In taking a family history, a genetic counselor asks the patient's ethnicity or ancestral origin. There are some ethnic groups that have a higher chance of being carriers of some genetic diseases. For instance, the chance that an African American is a carrier of a gene for sickle cell disease is 1/10. People of Jewish ancestry are more likely to be carriers of several conditions including Tay-Sachs disease, Canavan disease and cystic fibrosis. People of Mediterranean ancestry are more likely to be carriers of a type of anemia called thalassemia. Genetic counselors discuss inheritance patterns of these diseases, carrier risks, and genetic screening or testing options.
Another question a genetic counselor asks in taking a family history is if the couple is related to one another by blood. The practice of marrying or having children with relatives is infrequent in the United States, but is more common in some countries. When two people are related by blood, there is an increased chance for their children to be affected with conditions inherited in a recessive pattern. In recessive inheritance, each parent of a child affected with a disease carries a single gene for the disease. The child gets two copies, one from each parent, and is affected. People who have a common ancestor are more likely than unrelated people to be carriers of genes for the same recessively inherited genes. Depending on family history and ethnic background, blood tests can be offered to couples to get more information about the chance for these conditions to occur.
Exposures during pregnancy
During prenatal genetic counseling, the counselor will ask about pregnancy history. If the patient has taken a medication or has had a harmful exposure (like radiation), the genetic counselor can discuss the possibility of harmful affects. Ultrasound is often a useful tool to look for some affects of exposures.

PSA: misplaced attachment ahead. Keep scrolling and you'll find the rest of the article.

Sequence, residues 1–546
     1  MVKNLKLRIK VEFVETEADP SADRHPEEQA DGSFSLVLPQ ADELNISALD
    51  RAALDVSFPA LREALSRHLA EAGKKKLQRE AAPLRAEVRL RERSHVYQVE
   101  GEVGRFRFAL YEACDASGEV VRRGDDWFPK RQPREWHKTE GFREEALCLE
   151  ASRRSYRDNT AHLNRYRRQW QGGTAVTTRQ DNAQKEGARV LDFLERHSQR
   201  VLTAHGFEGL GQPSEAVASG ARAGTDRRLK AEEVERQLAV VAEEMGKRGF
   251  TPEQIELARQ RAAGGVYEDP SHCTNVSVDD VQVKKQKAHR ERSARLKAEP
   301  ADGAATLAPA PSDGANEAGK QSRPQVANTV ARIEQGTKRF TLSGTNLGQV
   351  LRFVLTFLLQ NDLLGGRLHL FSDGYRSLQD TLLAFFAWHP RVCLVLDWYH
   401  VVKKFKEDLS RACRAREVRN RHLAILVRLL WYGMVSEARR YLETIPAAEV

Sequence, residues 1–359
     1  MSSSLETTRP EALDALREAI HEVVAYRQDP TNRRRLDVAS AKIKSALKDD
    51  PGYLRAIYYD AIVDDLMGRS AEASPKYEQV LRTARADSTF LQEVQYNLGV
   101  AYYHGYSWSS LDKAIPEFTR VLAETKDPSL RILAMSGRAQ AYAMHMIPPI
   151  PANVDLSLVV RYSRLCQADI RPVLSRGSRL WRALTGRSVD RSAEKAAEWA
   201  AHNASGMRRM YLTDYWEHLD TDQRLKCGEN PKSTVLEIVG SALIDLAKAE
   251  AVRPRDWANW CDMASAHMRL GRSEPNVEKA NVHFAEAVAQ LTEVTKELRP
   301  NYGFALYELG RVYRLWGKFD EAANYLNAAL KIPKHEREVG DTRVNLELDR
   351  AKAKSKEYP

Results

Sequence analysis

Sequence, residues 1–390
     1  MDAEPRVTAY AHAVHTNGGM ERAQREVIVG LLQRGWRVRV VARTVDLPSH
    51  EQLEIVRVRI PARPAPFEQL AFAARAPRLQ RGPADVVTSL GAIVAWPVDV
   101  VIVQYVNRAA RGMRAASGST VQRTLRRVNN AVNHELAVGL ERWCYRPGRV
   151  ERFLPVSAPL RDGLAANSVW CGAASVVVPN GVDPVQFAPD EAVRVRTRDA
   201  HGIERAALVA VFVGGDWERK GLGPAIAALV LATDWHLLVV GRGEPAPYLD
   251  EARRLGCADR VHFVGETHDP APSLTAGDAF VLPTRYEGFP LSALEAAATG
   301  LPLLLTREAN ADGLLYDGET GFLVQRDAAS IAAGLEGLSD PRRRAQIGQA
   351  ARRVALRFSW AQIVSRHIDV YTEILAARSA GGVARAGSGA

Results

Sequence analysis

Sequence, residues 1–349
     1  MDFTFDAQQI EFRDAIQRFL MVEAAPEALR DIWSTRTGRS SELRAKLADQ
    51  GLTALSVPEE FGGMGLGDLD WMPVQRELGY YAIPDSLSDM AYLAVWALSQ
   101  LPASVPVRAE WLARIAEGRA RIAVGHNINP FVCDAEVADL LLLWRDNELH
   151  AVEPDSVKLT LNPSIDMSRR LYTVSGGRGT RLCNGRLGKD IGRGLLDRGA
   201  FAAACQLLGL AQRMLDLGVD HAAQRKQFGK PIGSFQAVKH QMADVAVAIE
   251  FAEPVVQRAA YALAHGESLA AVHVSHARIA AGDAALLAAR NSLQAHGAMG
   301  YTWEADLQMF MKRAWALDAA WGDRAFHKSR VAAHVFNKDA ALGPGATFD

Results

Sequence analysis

Ethical issues in genetic counseling
Prenatal diagnosis of anomalies or chromosomal abnormalities leads to a decision about whether or not a couple wishes to continue a pregnancy. Some couples chose to continue a pregnancy. Prenatal diagnosis gives them additional time to emotionally prepare for the birth of the child and to gather resources. Others choose not to continue a pregnancy in which problems have been diagnosed. These couples have unique emotional needs. Often the child is very much a desired addition to the family and parents are devastated that the child is not healthy. Presymptomatic testing for adult onset disorders and cancer raise difficult issues regarding the need to know and the reality of dealing with abnormal results before symptoms. The National Society of Genetic Counselors has created a Code of Ethics to guide genetic counselors in caring for patients. The Code of Ethics consists of four ethical principles:
- Beneficience is the promotion of personal well being in others. The genetic counselor is an advocate for the patient.
- Nonmaleficience is the idea of doing no harm to a patient.
- Autonomy is recognizing the value of the individual, the person's abilities and their point of view. Important aspects of autonomy are truthfulness with patients, respecting confidentiality, and practicing informed consent.
- Justice is providing equal care for all, freedom of choice, and providing a high quality of care.
Perhaps the main ethical principle of genetic counseling is the attempt to provide nondirective counseling. This principle again points to a patient centered approach to care by focusing on the thoughts and feelings of the patient. Five percent of the Human Genome Project budget is designated to research involving the best way to deal with ethical issues that arise as new genetic tests become available. Genetic counselors can help patients navigate through the unfamiliar territory of genetic testing.
Baker, Diane. A Guide to Genetic Counseling. New York: John Wiley and Sons, Inc., 1998.
Harper, Peter S. Practical Genetic Counseling. Oxford: Butterworth Heinmann, 1998.
American Society of Human Genetics. 9650 Rockville Pike, Bethesda, MD 20814-3998. (301) 571-1825. <http://www.faseb.org/genetics/ashg/ashgmenu.htm>.
March of Dimes Birth Defects Foundation. 1275 Mamaroneck Ave., White Plains, NY 10605. (888) 663-4637. firstname.lastname@example.org. <http://www.modimes.org>.
National Society of Genetic Counselors. 233 Canterbury Dr., Wallingford, PA 19086-6617. (610) 872-1192. <http://www.nsgc.org/GeneticCounselingYou.asp>.
Sonja Rene Eubanks, MS, CGC